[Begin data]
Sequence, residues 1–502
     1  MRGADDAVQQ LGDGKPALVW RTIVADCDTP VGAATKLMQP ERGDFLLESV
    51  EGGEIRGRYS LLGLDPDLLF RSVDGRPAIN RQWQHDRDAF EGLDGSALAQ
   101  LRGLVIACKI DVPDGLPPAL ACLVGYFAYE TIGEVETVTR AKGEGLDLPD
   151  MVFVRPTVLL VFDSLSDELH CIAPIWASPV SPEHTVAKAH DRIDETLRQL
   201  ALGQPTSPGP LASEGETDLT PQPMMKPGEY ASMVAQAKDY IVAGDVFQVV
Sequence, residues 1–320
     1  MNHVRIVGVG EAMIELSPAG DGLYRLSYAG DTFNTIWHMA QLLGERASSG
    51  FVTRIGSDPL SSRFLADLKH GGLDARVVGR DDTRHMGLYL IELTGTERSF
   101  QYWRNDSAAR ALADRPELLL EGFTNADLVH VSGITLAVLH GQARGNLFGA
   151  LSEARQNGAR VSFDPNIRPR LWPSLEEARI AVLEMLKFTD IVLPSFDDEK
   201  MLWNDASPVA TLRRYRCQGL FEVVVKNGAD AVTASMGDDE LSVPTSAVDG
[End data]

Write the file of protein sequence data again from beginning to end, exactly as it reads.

Sequence, residues 1–502
     1  MRGADDAVQQ LGDGKPALVW RTIVADCDTP VGAATKLMQP ERGDFLLESV
    51  EGGEIRGRYS LLGLDPDLLF RSVDGRPAIN RQWQHDRDAF EGLDGSALAQ
   101  LRGLVIACKI DVPDGLPPAL ACLVGYFAYE TIGEVETVTR AKGEGLDLPD
   151  MVFVRPTVLL VFDSLSDELH CIAPIWASPV SPEHTVAKAH DRIDETLRQL
   201  ALGQPTSPGP LASEGETDLT PQPMMKPGEY ASMVAQAKDY IVAGDVFQVV
Sequence, residues 1–320
     1  MNHVRIVGVG EAMIELSPAG DGLYRLSYAG DTFNTIWHMA QLLGERASSG
    51  FVTRIGSDPL SSRFLADLKH GGLDARVVGR DDTRHMGLYL IELTGTERSF
   101  QYWRNDSAAR ALADRPELLL EGFTNADLVH VSGITLAVLH GQARGNLFGA
   151  LSEARQNGAR VSFDPNIRPR LWPSLEEARI AVLEMLKFTD IVLPSFDDEK
   201  MLWNDASPVA TLRRYRCQGL FEVVVKNGAD AVTASMGDDE LSVPTSAVDG